Developing RNA-Targeted Therapies for Neurodegenerative Diseases
2018 Harrington Rare Disease Scholar
In neurodegenerative diseases, normal nerve cells develop abnormal functions ultimately leading to cell death. For many of these diseases there can be associated loss of motor function control that can ultimately be fatal. As people live longer, neurodegenerative diseases are imposing increasing health and financial burdens.
RNA granules, aggregations of proteins and RNAs, appear in a cell when it is under stress, and are disease-related. Dr. Scoles and his team discovered that a stress granule protein, Staufen-1, is overabundant in several human and mouse neurodegenerative disease models such as Alzheimer's disease, spinocerebellar ataxia type 2, and amyotrophic lateral sclerosis (ALS). (In the fly where Staufen was discovered, mutations lead to lineage extinction. Such genes are often named after European royal families that became extinct - thus, "Staufen".)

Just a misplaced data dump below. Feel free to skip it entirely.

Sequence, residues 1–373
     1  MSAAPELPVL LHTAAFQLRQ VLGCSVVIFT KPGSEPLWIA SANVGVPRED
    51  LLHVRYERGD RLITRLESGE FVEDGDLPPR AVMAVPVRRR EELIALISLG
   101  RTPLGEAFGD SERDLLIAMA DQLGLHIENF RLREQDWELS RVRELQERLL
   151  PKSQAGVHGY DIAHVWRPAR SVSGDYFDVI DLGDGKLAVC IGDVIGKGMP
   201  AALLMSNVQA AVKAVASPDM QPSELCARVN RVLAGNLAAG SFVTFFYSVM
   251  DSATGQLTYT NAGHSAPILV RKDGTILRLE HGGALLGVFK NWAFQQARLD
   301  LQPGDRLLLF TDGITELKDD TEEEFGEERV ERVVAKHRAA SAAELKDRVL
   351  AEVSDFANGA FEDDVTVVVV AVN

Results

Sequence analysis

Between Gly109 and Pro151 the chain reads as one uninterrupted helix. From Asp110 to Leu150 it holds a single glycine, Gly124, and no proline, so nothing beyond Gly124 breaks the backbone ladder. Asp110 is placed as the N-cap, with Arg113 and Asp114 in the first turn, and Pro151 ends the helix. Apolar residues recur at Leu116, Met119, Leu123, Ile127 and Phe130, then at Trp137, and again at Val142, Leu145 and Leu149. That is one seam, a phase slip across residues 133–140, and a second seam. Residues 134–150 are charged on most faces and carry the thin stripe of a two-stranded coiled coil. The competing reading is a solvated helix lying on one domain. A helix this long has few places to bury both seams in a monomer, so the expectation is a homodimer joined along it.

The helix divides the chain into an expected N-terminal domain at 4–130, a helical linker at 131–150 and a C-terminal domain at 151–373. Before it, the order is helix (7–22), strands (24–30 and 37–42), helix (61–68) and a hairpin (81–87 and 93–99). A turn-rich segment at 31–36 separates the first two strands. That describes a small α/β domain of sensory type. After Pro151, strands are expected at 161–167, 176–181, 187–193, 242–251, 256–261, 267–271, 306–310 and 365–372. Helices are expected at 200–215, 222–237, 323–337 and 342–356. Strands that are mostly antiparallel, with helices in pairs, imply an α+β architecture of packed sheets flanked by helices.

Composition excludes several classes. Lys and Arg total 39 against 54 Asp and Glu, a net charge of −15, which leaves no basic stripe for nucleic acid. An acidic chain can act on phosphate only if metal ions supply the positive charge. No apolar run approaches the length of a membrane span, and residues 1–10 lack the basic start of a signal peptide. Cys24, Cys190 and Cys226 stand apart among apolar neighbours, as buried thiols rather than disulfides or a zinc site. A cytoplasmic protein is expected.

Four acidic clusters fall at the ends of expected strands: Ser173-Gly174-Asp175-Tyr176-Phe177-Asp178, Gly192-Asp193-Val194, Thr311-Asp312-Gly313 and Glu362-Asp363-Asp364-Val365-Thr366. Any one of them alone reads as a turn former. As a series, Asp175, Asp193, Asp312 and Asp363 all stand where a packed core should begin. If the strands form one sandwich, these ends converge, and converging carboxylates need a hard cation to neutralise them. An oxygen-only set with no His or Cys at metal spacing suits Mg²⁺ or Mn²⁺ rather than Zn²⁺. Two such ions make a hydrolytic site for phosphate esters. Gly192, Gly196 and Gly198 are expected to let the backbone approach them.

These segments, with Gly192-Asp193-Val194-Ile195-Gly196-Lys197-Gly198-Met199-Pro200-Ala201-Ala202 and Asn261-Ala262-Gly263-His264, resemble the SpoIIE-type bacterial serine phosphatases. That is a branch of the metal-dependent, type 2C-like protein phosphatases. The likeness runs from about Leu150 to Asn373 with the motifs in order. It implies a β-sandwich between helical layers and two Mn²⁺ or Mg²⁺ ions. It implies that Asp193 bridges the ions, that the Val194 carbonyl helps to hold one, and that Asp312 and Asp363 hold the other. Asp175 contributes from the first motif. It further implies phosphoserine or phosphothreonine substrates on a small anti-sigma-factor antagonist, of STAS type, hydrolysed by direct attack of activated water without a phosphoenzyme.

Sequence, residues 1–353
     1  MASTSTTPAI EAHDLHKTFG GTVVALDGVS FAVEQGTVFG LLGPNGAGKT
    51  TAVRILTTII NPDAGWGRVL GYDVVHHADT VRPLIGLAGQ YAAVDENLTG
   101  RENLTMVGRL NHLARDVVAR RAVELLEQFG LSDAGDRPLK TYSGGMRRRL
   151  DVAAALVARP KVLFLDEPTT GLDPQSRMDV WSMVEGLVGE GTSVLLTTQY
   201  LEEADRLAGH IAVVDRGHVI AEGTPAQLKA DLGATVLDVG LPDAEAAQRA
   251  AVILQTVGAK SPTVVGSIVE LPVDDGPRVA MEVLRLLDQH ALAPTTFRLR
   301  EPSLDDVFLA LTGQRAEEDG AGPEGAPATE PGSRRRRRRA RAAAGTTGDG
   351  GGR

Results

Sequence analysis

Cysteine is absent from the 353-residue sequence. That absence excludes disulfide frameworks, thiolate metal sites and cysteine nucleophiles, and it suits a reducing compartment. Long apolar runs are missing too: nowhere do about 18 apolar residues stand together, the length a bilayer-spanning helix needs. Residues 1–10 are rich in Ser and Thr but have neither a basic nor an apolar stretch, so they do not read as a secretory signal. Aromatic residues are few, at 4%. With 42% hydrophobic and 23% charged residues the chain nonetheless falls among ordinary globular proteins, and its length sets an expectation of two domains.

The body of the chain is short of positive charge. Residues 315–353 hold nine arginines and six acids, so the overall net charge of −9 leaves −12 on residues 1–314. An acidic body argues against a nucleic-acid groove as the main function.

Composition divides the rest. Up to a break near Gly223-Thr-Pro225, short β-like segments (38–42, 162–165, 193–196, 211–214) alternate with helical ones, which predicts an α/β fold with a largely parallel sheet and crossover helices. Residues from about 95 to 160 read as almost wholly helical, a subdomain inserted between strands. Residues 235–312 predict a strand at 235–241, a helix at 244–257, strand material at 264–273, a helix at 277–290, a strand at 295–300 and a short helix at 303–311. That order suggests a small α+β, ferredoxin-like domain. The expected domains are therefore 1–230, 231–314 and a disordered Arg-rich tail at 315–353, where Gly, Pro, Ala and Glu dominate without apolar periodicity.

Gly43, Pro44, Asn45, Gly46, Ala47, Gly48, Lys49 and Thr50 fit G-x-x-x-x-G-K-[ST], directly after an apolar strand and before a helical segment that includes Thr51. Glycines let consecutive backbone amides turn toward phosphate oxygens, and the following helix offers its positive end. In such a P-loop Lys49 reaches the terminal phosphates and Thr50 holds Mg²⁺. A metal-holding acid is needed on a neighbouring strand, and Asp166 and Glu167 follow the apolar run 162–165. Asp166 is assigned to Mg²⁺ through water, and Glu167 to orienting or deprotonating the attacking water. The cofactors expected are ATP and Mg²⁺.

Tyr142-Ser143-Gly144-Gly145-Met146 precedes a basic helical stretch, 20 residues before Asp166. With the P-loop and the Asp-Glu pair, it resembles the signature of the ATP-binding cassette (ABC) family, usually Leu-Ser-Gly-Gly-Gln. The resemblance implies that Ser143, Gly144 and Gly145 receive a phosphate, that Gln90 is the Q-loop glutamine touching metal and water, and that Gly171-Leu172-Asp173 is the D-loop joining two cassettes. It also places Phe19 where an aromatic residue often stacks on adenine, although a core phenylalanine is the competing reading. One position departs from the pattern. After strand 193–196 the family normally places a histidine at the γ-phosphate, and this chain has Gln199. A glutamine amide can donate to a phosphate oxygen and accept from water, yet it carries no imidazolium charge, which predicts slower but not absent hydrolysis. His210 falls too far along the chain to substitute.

His team then applied their expertise in producing antisense oligonucleotides (ASOs) that lower gene expression. They had previously used the method to target the ATXN2 gene toward developing a therapy for spinocerebellar ataxia type 2 (SCA2).
"We believe that using ASOs that lower Staufen-1 levels could be an effective therapeutic for treating several rare neurodegenerative disorders characterized by RNA granules," Dr. Scoles says.
“Harrington provides the resources we need to get the most out of the work we're doing."